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This secondary data analysis used data mining methods to develop predictive models of child risk for distress during a healthcare procedure. Data used came from a study that predicted factors associated with children's responses to an intravenous catheter insertion while parents provided distraction coaching. From the 255 items used in the primary study, 44 predictive items were identified through automatic feature selection and used to build support vector machine regression models. Models were validated using multiple cross-validation tests and by comparing variables identified as explanatory in the traditional versus support vector machine regression. Rule-based approaches were applied to the model outputs to identify overall risk for distress. A decision tree was then applied to evidence-based instructions for tailoring distraction to characteristics and preferences of the parent and child. The resulting decision support computer application, titled Children, Parents and Distraction, is being used in research. Future use will support practitioners in deciding the level and type of distraction intervention needed by a child undergoing a healthcare procedure.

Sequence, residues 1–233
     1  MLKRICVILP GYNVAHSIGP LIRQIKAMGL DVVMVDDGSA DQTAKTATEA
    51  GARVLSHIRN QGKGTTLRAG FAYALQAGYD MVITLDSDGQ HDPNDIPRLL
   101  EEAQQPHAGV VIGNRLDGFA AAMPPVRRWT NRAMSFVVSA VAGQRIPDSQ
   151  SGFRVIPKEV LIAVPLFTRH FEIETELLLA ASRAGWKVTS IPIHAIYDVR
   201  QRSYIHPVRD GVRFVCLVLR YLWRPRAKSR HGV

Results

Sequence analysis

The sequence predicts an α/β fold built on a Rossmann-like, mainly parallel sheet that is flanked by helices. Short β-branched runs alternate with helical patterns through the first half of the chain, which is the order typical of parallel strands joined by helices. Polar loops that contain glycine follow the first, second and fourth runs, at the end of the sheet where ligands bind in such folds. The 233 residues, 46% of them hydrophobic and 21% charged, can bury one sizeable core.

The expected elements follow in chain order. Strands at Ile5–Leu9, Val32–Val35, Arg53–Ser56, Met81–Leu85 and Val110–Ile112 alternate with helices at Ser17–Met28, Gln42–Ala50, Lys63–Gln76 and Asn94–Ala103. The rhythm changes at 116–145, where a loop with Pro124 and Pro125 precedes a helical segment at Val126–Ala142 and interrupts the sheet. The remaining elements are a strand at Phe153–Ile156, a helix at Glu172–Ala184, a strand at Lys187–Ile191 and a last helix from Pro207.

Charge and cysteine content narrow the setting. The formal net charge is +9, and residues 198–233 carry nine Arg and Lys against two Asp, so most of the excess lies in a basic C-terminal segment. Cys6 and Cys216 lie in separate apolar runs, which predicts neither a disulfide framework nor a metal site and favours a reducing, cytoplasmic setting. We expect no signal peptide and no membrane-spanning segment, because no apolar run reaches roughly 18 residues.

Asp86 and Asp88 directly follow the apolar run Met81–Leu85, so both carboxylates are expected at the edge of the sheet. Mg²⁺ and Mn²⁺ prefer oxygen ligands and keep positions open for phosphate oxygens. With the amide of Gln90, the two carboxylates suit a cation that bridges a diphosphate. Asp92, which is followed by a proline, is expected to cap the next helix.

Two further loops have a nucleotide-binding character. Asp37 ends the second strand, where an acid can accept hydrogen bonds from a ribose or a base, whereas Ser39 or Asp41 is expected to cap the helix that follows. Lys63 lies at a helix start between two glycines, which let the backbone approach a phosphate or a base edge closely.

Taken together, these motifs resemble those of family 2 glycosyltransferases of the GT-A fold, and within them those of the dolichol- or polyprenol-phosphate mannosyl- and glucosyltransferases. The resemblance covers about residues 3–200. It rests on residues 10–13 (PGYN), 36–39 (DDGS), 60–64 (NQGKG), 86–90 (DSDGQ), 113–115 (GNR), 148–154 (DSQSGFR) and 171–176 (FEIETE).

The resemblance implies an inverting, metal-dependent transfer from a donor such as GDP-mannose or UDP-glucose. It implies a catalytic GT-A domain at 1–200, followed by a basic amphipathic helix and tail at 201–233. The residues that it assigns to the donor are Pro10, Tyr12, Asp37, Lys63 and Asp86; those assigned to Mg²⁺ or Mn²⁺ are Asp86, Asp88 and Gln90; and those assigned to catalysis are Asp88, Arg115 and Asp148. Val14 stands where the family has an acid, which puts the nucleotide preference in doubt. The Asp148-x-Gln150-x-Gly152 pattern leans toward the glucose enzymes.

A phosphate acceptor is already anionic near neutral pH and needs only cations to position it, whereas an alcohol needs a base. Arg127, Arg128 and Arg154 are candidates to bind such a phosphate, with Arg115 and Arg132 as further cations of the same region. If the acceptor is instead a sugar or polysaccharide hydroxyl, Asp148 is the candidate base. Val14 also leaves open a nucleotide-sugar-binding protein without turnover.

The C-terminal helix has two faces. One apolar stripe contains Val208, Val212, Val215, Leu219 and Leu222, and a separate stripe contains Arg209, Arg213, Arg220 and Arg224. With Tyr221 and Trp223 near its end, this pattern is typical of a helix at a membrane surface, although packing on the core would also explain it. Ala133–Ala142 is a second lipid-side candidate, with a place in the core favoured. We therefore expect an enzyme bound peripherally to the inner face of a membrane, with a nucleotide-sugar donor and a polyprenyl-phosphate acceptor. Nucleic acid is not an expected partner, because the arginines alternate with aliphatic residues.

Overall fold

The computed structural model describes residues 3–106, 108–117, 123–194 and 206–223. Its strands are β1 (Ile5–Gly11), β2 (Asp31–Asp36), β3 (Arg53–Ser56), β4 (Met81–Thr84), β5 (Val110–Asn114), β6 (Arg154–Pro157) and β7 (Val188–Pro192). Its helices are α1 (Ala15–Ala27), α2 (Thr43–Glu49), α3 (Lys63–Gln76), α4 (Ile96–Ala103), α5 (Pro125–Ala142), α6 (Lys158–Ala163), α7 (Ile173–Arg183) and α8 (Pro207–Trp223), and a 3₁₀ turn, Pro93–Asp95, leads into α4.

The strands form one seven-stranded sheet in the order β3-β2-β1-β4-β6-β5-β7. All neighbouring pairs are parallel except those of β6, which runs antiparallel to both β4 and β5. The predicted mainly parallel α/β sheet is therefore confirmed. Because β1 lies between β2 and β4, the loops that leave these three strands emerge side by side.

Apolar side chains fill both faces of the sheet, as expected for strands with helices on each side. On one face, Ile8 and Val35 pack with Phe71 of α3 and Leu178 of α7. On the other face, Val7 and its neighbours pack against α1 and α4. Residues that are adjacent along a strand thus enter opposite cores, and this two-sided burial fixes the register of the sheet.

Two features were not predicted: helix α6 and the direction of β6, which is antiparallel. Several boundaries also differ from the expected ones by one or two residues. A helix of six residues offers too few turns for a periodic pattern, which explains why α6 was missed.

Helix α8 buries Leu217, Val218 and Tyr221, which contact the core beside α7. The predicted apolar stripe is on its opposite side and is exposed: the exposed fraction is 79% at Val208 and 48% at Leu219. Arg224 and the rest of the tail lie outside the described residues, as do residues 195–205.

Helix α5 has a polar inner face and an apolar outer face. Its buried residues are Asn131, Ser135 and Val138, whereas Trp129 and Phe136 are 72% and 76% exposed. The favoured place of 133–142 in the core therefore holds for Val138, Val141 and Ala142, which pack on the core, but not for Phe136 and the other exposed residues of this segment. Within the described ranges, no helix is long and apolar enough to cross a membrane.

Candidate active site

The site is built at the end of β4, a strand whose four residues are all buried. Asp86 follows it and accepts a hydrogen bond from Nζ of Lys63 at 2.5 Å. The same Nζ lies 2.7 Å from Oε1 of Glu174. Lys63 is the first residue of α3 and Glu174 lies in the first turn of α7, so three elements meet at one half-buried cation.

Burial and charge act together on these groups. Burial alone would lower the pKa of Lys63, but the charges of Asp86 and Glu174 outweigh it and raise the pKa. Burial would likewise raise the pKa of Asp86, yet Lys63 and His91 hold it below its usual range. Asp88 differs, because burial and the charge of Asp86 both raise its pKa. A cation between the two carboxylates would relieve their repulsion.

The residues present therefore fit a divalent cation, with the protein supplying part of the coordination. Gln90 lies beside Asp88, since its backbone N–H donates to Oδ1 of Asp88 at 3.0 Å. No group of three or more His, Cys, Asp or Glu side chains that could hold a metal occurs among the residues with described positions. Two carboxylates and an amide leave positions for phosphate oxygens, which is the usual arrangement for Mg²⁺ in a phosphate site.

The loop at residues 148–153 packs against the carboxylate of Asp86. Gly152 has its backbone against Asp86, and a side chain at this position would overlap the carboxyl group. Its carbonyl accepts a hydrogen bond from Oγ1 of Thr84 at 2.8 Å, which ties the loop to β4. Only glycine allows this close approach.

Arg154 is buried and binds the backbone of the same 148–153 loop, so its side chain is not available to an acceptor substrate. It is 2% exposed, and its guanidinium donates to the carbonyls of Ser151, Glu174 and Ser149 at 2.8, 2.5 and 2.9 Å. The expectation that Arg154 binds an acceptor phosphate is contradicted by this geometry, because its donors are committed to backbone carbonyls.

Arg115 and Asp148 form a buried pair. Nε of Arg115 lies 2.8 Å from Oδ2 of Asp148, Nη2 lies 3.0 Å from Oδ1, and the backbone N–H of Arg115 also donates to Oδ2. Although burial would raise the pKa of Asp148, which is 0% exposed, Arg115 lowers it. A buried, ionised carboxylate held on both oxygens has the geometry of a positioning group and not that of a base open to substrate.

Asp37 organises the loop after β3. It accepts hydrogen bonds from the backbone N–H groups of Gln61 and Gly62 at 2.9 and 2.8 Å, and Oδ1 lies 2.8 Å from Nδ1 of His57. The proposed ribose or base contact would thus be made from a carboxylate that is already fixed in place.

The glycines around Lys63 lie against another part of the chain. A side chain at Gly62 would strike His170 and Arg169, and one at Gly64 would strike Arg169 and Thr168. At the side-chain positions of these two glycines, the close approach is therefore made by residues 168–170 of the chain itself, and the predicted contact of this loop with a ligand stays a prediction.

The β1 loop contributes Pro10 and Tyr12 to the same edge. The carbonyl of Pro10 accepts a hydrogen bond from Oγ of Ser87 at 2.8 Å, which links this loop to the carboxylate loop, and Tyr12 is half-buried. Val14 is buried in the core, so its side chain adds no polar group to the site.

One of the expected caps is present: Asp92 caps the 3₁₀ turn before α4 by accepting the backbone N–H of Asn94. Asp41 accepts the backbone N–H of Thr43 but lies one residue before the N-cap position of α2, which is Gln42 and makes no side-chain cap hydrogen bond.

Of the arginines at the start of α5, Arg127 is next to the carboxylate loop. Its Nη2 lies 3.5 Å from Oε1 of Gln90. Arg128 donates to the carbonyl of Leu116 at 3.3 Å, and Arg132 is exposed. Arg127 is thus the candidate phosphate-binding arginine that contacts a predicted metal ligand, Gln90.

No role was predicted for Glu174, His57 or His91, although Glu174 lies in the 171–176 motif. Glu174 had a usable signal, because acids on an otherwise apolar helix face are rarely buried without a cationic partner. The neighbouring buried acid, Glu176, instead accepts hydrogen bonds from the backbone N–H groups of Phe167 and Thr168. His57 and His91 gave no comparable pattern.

This is a non-final version of an article published in final form in:

Hanrahan, Kirsten; Ann Marie Mccarthy, Charmaine Kleiber, Kaan Ataman, W. Nick Street, M. Bridget Zimmerman, and Annel L. Ersig. Building a Computer Program To Support Children, Parents, and Distraction During Healthcare Procedures, Computers, Informatics, Nursing 30.10 (2012): 554-561. DOI: 10.1097/NXN.0b013e31825e211a

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Lippincott, Williams and Wilkins



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